The Big Picture: What’s the relation between Overriding, Upcasting, Overloading, Runtime Polymorphism and Interfaces?

Relation Group 1: Overloading & Compile Time Polymorphism

It’s compile time polymorphism when a call to an overloaded method is resolved at compile time. Also known as static binding and early binding.

Relation Group 2: Overriding & Runtime Polymorphism

It’s run time polymorphism when a call to an overridden method is resolved at runtime. Also known as dynamic binding and late binding.

  • StaticType x = new DynamicType(); is the format we define Java objects. StaticType is determined at compile time, DynamicType is determined at runtime. For the example Fruit f = new Apple() the type of f is Fruit at compile time, Apple at runtime. If apple overrides color() method, it’s a call to the parent’s color() method at compile time, but then changed as childs’ color() method at runtime (runtime polymorphism).
Upcasting
class A {}
class B extends A {}
//Upcasting
A a = new B();

Upcasting is a cast from a derived class to a more general base class.

Dog dog = new Dog();
Animal animal = (Animal) dog;

If the reference variable of Parent class refers to the object of Child class, it is known as upcasting.

Extra Details

Downcasting is a cast from a base class to a more specific class.

Animal animal = new Dog();
Dog dog = (Dog) animal;
  • Java permits an object of a subclass type to be treated as an object of any superclass type. This is called upcasting.
  • Upcasting is done automatically, while downcasting must be manually done by the developer.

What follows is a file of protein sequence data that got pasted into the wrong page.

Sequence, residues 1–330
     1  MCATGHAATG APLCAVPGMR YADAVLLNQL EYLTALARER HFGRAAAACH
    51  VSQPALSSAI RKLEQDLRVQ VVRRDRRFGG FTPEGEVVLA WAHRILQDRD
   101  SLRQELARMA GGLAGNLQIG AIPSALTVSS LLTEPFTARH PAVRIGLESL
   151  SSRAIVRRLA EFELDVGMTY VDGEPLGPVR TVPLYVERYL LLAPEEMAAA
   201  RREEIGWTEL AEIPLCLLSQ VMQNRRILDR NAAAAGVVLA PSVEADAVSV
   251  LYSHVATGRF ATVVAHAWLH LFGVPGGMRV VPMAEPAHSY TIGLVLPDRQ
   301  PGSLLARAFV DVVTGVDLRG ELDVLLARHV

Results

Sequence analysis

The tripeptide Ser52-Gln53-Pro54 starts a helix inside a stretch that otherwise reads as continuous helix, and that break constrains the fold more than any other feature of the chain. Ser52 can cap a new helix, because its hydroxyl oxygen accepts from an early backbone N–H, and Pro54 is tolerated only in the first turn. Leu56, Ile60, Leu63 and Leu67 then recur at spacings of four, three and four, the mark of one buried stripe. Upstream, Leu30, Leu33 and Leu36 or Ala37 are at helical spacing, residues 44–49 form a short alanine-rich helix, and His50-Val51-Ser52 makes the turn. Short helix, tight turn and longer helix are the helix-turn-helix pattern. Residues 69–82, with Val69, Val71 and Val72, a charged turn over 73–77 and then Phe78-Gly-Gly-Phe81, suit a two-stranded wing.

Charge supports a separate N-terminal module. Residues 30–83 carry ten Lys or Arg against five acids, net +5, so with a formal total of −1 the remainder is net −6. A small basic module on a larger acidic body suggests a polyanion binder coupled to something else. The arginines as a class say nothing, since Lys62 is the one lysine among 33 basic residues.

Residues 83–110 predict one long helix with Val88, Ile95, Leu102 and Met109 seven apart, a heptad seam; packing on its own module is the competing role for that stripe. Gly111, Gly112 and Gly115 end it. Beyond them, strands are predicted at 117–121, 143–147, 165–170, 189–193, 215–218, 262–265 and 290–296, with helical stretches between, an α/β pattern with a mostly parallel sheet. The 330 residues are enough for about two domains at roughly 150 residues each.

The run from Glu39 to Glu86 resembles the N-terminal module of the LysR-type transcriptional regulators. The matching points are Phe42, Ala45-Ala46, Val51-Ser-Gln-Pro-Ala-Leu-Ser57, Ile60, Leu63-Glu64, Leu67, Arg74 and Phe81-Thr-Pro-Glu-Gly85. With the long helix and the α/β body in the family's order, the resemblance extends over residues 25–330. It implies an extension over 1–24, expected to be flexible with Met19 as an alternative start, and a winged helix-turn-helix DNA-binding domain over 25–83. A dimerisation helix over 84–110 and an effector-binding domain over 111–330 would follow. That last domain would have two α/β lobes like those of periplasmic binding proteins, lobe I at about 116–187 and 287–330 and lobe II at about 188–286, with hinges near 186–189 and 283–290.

• Upcasting and downcasting are NOT like casting primitives from one to the other ().

Association

  • Association refers to the relationship between multiple objects.
  • Aggregation and composition are two types of association.

Aggregation

  • If a class have an entity reference, it is known as aggregation.
  • Aggregation represents HAS-A relationship.
Aggregation example
  • Aggregation benefits: Promotes code reusability. In the above example, we just simply put use of Address class just with a line of code.

Composition

  • Definition: Composition is the strong type of association.
  • Composition rule: An association is said to composition if an object owns another object and another object cannot exist without the owner object.
  • Example: Think about lego homes. A lego home can’t exist without single lego(s), but legos can exist without a lego home.

I/O

A stream

Stream is a flow of data from an input (source) to an output (destination).

Java I/O Streams
  • InputStream: Read data from a source.
  • OutputStream: Write data to a destination.
  • Extra details: stdin and stdout in C++, System.in and System.out in Java are examples of (standart) streams. byte streams are 8-bit, character streams are 16-bit unicode format used to perform I/O operations.